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The Indian gems and jewellery industry was progressing in the past and will certainly progress in the future

04 february 2019

dinesh_navadiya_xx.pngDinesh Navadiya, the Regional Chairman (Gujarat Region) of The Gems & Jewellery Export Promotion Council (GJEPC) of India, is also the representative of the Gujarat G&J sector at various organisations as well as government authorities like the Customs, Government of Gujarat, etc.

Besides being the Executive Core Committee Member & Managing Committee Chief Patron Member at Southern Gujarat Chamber of Commerce & Industry, Surat, he has also served as the President of Surat Diamond Association for 7 years, representing industry matters to Government bodies for the welfare of MSMEs.

A passionate social worker, Navadiya initiated under the Surat Diamond Association, the building and running of a Hospital at Varachha Road, Surat for the artisans and other labourers who cannot afford good medical facility.

Here, in an Interview with Rough & Polished, Dinesh Navadiya draws a clear picture of the state of the cutting and polishing centres but expresses total faith in the revival of the resilient Indian industry, which has survived many a challenge in the past.

Some excerpts:

Can you give us a clear picture of the diamond cutting and polishing sector in Surat and other centres? Are they operating in full capacity now unlike pre-Diwali period?

The situation in the cutting and polishing sector is still the same and units are still not fully operational in Surat and in the other centres as per my understanding. Other than DTC Sightholders or few other medium-sized to large units, most of the smaller units may not be fully functional with an estimate of the decline in work in rural areas by 25% to 30% and in cities by 10% to 15%.

What is the rough supply situation now in the cutting centres, especially the SMEs units? Any improvement in their workings now, after attempts to supply small units directly from the traders?

The situation of rough supply is the same in the cutting centres right now. GJEPC is in the process to provide network platform to rough suppliers and SMEs of remote areas of Gujarat and it is expected that the first sample viewing and transaction will take place in the month of February.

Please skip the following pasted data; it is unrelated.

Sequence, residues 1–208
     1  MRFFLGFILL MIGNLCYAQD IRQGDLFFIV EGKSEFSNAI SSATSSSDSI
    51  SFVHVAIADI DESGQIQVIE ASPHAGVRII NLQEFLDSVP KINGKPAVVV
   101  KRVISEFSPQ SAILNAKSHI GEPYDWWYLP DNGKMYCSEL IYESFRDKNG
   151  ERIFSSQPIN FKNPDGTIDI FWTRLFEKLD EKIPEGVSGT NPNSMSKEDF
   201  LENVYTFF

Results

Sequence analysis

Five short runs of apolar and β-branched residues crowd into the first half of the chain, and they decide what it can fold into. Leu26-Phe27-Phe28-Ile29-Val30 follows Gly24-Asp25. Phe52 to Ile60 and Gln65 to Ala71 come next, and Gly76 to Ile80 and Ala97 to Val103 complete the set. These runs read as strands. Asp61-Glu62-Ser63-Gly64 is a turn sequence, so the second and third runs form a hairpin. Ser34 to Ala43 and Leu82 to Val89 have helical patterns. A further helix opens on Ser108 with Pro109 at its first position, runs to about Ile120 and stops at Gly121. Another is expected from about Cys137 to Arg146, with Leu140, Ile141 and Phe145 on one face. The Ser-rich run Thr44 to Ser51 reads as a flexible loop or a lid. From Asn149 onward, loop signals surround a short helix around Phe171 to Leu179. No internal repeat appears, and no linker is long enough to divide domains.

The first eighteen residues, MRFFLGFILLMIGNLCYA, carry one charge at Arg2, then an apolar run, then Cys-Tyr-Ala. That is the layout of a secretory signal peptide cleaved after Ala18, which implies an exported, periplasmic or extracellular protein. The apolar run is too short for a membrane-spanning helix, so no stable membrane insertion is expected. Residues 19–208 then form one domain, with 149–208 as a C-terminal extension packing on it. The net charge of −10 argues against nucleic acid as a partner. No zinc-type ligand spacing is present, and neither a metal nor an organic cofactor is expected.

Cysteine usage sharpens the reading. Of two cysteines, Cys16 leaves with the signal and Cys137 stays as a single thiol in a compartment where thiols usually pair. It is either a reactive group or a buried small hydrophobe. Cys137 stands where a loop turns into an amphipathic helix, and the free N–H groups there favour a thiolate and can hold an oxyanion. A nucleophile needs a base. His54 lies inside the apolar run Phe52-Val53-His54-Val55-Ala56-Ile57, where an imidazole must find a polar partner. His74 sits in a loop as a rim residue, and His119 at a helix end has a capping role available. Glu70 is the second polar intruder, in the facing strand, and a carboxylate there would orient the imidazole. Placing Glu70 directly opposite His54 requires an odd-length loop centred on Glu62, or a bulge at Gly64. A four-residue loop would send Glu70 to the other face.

According to you, what more steps can be taken to bring some solace to the SMEs, which are facing a shortage of roughs to keep their units running and protect their employees?

With the support of Government, a body can be set up to bring rough sellers and buyers on one platform periodically, like fortnightly or monthly. Also, steps should be taken by Government to provide financial support up to Rs. 2 crores via any formulated scheme or another source to the buyers of rough so that they can procure raw material. At present banks are not providing any financial support to this sector. The government needs to look into the same.

Financing by the banks is becoming more difficult for SMEs, despite efforts by the GJEPC. Do you think private lenders or even financial institutions are the next solaces?

As per the current situation, SMEs have to rely on private lenders and other financial institutions for financial needs because they are supporting the industry positively, but the interest rate is quite higher as compared to bank finance resulting to overall cost escalation to the product.

For the benefit of our readers, can you briefly explain the current problems of GST (Sales Tax) of 3% on diamonds? Was this not applicable before? Why is the issue started one year ago?

At present, the applicable GST rate is at 0.25% and not 3%. Earlier it was 3% but in January 2017 it was reduced to 0.25%. The problem is not the GST rate on diamonds, but the issue is the accumulation of ITC due to applicable GST on Job Work of Diamonds is 5% and other services including certifications, AMCs, Machinery Capital Cost, etc., is at 18%. Due to this inverted duty structure, GST is getting accumulated and ITC of crores of rupees is blocked. This money is entirely blocked and unused currently and there is no mechanism under the GST regime to get the refund of the GST paid on the input services. This has resulted in a shortage of working capital for the trade members.

According to some industry members, the government levying GST on diamonds from Surat office to Mumbai office is cumbersome and makes their business unprofitable. If GJEPC has taken this problem to the government, what is the outcome?

The industry has opted different model for their branch transfer between Surat - Mumbai. Further, on diamonds a 0.25% flat rate of GST is applicable. Hence, at present, we have not received any complaint or representation from our members regarding branch office transaction issues due to GST rates.  

Due to lab-grown diamonds becoming popular, it is expected to badly hit the demand as well as prices of small natural diamonds. What’s your say on this?

There is a separate group of people who understand the value and recognition associated with natural diamonds which cannot be replaced by anything. According to me, it will not affect the demand of the natural diamonds.

Wrapping up, what does the future hold for the natural diamond industry on the whole? With umpteen problems weighing down the industry, what do you foresee… going forward?

The industry has been progressing during the past decades despite challenges and will certainly progress in the same way in future as well. Currently, it is passing through some tough time but it’s still moving forward, and we are hopeful for the better future of this industry.

Aruna Gaitonde, Editor in Chief of the Asian Bureau, Rough & Polished